wordcloud 2017

There were 275 improv shows in the Midlands during 2017.  That’s five shows a week across Birmingham, Nottingham, Leicester, Coventry & Northampton.  Hidden away in small theatres and rooms above pubs across the country, there are great nights of entertainment all around you if you know where to look.

The highlight of 2017 was the Birmingham Improv Festival.  Filling an entire week in October, it featured 24 different groups from across the country performing to packed houses every night in the Blue Orange Theatre.  I loved seeing so many great shows on my doorstep and discussing them afterwards with fellow audience members & the performers themselves.  Click here for a quick review of every show.

Despite seeing most of the shows at the Festival I only found the time to write a full review for one of them.  Ten Thousand Million Love Stories provided “an intimate and honest portrayal of the many sides of love”.  It’s those quiet emotional moments which stay with me, despite having a bigger reaction during the show to the joyful silly bits and the impressive skills displayed by Heather & Jules.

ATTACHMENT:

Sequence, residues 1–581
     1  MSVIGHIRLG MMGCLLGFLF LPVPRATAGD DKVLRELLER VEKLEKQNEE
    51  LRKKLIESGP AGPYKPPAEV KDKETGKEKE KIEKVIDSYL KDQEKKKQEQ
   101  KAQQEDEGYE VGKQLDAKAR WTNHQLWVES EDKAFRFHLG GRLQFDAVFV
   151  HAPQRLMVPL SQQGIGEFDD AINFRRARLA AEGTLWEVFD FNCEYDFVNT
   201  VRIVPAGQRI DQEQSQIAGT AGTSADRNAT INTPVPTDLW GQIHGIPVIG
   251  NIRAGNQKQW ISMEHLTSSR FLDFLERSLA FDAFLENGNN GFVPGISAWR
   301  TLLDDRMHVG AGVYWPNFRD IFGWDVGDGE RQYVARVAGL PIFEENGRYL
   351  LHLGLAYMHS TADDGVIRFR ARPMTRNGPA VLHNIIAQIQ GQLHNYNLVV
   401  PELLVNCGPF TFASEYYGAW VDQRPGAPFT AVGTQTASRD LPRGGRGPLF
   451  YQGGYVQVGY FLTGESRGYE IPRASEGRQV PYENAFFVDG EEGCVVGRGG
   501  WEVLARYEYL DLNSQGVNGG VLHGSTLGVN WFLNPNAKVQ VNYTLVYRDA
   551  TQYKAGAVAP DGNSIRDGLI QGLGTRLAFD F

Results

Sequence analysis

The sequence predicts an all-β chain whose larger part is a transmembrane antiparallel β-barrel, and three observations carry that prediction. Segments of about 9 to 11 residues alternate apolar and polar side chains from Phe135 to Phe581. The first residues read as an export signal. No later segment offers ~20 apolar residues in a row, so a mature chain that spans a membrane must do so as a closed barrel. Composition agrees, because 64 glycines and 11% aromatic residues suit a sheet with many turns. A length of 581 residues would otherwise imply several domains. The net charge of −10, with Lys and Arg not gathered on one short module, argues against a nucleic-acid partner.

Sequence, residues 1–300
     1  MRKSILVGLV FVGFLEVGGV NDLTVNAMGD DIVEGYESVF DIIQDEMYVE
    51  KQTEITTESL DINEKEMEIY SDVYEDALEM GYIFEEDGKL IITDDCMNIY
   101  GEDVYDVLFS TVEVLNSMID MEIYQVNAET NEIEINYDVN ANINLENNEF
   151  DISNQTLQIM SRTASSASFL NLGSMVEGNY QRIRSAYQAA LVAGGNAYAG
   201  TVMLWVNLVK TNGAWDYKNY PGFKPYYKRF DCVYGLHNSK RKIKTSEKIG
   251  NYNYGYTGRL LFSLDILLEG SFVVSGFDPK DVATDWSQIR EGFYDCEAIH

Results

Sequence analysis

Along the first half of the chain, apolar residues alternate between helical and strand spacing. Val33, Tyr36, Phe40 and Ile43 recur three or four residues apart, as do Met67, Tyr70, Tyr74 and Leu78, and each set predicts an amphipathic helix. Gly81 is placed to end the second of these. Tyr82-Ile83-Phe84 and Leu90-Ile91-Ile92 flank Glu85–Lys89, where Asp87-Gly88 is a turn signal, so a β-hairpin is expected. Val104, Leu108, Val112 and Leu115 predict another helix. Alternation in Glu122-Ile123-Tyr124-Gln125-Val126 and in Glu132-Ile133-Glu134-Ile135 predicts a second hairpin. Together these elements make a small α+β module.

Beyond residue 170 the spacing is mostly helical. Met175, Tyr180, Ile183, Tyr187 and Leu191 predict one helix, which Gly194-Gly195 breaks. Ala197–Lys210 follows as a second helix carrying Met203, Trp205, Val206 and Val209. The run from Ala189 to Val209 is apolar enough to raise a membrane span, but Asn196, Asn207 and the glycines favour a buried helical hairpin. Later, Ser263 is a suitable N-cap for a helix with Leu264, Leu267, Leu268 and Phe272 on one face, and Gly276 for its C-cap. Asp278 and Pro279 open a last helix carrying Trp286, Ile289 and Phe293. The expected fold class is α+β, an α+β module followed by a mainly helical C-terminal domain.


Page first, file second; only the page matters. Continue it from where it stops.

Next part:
Other shows I reviewed in 2017:

Several local groups took their show on the road during 2017.  The biggest splash was made by LoveHard, a duo who perform mostly scripted theatre shows with room in each performance for moments of improvised fun.  Broadway Baby praised them as “unparalleled in comedy writing and delivery” and Voice magazine said they were “an unforgettable Fringe experience”.  Twitter fans called them “simply hilarious”, “brilliantly entertaining” and “tear-jerkingly funny”.  You can read the full collection of audience reviews here.

Other shows that went on tour and got big audience reactions in 2017:

My most popular blogpost this year wasn’t about a local group or event.  It was a more general essay about how much more there is to improv than quickfire gags.  Improv does this well, but if that’s not your thing you probably think improv isn’t for you.  Yet improv can do all sorts of comedy, and indeed all sorts of theatre.  There is something for everyone in an artform that melds itself to change with every audience.  Yes, there really is more to improv than “Whose Line Is It Anyway?”.



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